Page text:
Regulators in the US have warned a major shake-up of safety standards may be needed for home battery storage systems in the wake of an explosion at a lithium-ion grid-scale battery storage facility in Arizona.
The Arizona Public Service (APS) utility told BEST Battery Briefing an investigation into what caused the “catastrophic failure” of the 2MW/2MWh system at its McMicken facility last month in the city of Surprise was still under way.
A lithium-ion battery storage system has been ‘booked in’ to a hotel in Scotland as part of an energy efficiency trial project.
The Gyle Premier Inn at Edinburgh Park, owned by brewing giant Whitbread, said the 100kW battery has the capacity to run the hotel— “including powering meals cooked” at its bar and grill— for up to three hours daily.
The battery functions by drawing power from the National Grid during off-peak periods and takes two hours to fully charge.
Cheaper battery storage systems are less than 20 years away from becoming a "competitive" alternative to oil and gas-fired peaking plants, according to a new International Energy Agency (IEA) study.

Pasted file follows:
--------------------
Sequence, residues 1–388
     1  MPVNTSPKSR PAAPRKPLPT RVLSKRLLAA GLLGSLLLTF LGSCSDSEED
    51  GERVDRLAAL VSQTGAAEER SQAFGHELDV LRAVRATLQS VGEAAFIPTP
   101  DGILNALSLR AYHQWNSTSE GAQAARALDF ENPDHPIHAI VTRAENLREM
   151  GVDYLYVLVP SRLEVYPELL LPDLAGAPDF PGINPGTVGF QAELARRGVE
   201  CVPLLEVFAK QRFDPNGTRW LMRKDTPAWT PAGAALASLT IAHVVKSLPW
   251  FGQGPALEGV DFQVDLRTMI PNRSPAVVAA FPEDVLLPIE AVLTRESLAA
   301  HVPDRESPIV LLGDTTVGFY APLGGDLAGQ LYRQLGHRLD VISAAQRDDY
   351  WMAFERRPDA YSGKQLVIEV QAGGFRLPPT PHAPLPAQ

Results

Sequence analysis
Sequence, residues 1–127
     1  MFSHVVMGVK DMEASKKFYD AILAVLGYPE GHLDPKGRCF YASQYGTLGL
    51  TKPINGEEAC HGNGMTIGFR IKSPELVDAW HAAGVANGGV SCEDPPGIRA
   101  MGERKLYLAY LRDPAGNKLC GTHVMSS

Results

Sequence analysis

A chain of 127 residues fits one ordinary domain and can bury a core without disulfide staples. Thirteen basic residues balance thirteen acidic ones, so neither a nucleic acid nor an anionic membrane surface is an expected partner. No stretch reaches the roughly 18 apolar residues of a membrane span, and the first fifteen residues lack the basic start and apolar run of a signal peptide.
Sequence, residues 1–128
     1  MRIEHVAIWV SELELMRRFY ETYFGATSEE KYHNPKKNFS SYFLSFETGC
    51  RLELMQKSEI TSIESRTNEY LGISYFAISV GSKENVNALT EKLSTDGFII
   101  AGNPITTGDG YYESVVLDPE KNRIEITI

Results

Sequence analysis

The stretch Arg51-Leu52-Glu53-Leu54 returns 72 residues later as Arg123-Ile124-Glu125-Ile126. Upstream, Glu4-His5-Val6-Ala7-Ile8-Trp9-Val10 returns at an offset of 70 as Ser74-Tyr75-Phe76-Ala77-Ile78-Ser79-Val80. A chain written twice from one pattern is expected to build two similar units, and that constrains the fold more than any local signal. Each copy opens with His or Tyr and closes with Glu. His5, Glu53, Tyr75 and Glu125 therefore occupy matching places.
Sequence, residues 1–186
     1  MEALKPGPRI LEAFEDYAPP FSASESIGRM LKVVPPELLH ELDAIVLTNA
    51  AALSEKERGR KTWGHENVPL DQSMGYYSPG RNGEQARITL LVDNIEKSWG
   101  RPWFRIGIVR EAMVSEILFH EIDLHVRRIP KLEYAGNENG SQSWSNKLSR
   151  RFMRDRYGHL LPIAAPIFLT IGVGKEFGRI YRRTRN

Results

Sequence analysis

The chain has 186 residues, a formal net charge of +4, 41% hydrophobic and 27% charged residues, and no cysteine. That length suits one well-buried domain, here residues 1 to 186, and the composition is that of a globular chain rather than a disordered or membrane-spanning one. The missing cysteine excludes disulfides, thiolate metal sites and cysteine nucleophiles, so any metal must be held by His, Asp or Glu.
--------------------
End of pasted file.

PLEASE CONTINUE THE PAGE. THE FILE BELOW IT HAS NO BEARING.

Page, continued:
The cost of battery storage is projected to “decline fast” by 2040 and global BESS capacity could reach 220 giagwatts by 2040, the IEA’s World Energy Outlook 2018 said.
This would see batteries "increasingly compete with gas-fired peaking plants to manage short-run fluctuations in supply and demand"— with the scenario’s projected need for global peaking capacity set to increase by three-quarters compared to 2017.
London-based Arsenal Football Club has becomes the first UK football club to install significant energy storage, after unveiling a lithium-ion battery system that will store enough energy to power Emirates Stadium for the duration of a match.
The battery at the 60,000-seater stadium will be used to avoid peak energy prices, and will store renewably generated electricity from Octopus Energy, with whom Arsenal has been in partnership since April 2016.